Farmer Jeanne allows visiting children to hold and learn about the exotic animals at the farm. 
COURTESY PHOTOS Farmer Jeanne allows visiting children to hold and learn about the exotic animals at the farm. COURTESY PHOTOS Those ducks and chickens, which in 1994 became the first official nonhuman inhabitants of the detention center, were not alone for long. After receiving a call from the SPCA that a blind horse had been found abandoned in the Miami area, the sheriff ’s department did the only sensible thing it could think of. It set the inmates to work building a secure pen, and the horse — later dubbed Angel — was transported down to Stock Island, where it gained a few new feathered roommates at its new home.

From its humble beginnings of one blind horse and a handful of reckless fowl, the Monroe County Sheriff ’s Office Children’s Animal Park was born. Since those first animals arrived on Stock Island in 1994, the farm has flourished, with fascinating and exotic species added throughout the years, all of which remain cared for by the detention center’s inmates, who are always under the ever-watchful gaze of a resident farmer. The farm, open to the public every first and fourth Sunday of the month, now includes a massive aviary of tropical birds, an expansive reptile exhibit, a stable full of pigs, goats, and horses; a rabbit warren and dozens more species some rarely seen outside much larger zoos or refuges. A large exhibit of cavies, the enormous, aforementioned, rabbit-like rodents, are a delight to behold. They are bizarrely proportioned, deeply spirited and very high jumpers. They can reach speeds up to 18 mph in the wild, though the pack at the sheriff ’s farm seem content to spend its days munching grass in the sun. Mo the sloth, whose laid-back charm and perpetually smiling face have made it something of a Florida Keys celebrity, can often be found hanging from Ms. Selander’s neck, positioned at the center of a crowd of eager children and their parents waiting patiently to stroke his bristly fur.


Getting up close and personal with an alpaca. Getting up close and personal with an alpaca. 
Feeding one of the African spurred tortoises. Feeding one of the African spurred tortoises. Some of the animals that arrive at the farm do so as voluntary owner surrenders, while others are the result of animal abuse police seizures or even, in the case of two exotic tortoises, a particularly nasty drug raid.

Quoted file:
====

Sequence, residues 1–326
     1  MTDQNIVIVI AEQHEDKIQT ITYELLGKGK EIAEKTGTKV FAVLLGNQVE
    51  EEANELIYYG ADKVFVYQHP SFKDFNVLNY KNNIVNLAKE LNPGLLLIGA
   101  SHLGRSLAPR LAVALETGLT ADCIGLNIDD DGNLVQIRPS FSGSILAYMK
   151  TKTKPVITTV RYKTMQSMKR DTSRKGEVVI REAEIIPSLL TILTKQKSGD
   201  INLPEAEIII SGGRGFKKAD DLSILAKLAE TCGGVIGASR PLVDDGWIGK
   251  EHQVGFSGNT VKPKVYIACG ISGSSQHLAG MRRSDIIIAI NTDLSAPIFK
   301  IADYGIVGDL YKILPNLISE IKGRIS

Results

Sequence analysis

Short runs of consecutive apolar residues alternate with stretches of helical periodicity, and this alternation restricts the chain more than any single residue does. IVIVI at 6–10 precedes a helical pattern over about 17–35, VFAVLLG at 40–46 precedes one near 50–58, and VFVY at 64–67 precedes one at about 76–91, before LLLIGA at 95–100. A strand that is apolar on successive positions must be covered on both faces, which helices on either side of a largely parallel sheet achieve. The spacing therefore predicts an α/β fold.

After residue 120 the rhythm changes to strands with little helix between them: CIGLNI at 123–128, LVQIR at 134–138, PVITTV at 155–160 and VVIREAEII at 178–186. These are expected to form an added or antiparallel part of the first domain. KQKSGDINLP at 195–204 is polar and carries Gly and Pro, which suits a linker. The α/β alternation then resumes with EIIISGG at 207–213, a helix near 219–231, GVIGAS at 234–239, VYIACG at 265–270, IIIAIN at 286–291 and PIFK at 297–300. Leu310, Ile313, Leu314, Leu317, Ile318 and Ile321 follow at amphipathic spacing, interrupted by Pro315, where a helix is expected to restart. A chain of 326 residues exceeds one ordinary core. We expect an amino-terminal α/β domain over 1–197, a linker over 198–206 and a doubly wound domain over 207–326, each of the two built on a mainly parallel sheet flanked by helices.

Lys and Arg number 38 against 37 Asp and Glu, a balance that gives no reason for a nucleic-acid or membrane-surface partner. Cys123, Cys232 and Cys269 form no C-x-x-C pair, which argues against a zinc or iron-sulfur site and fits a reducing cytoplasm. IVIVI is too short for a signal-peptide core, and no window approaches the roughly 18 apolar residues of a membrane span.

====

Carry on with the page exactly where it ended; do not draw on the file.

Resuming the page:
It is impossible to ignore the irony that these innocent creatures, rescued from illegal situations, go on to become indebted to caregivers whose own place at the farm is a result of their criminal behavior. And yet, it is apparent that the relationship is truly a symbiotic one. The animals enjoy the care and attention of the inmates, who in turn are offered the opportunity to receive formal training in animal husbandry. These skills can be utilized after a prisoner’s release to find legal and rewarding employment. This is no small feat. Florida correctional facilities, on average, report recidivism rates of 26 percent or higher, meaning one in four inmates will return to prison within three years of their release. Inmate programs across the United States are notoriously underfunded and rarely focus on what the sheriff ’s farm is dedicated to providing its inmates each day: the immeasurably positive experience of learning to care for another living creature, to exhibit compassion and responsibility and to witness, firsthand, that some beings once doomed to a life of abuse and neglect can, in fact, heal from both external and internal wounds and go on to live joyful lives. That’s lesson many of us would be lucky to learn outside of prison as well.


Farmer Jeanne Selander. Farmer Jeanne Selander. For the children of the Florida Keys, the sheriff ’s farm offers a rare opportunity to view some species of animals they might not otherwise be able to visit. And to the farm’s various animal residents, as well as the inmates of the Monroe County Sheriff ’s Stock Island Detention Center, the Monroe County Sheriff ’s Office Children’s Animal Park offers the same to both: a second chance at life. ¦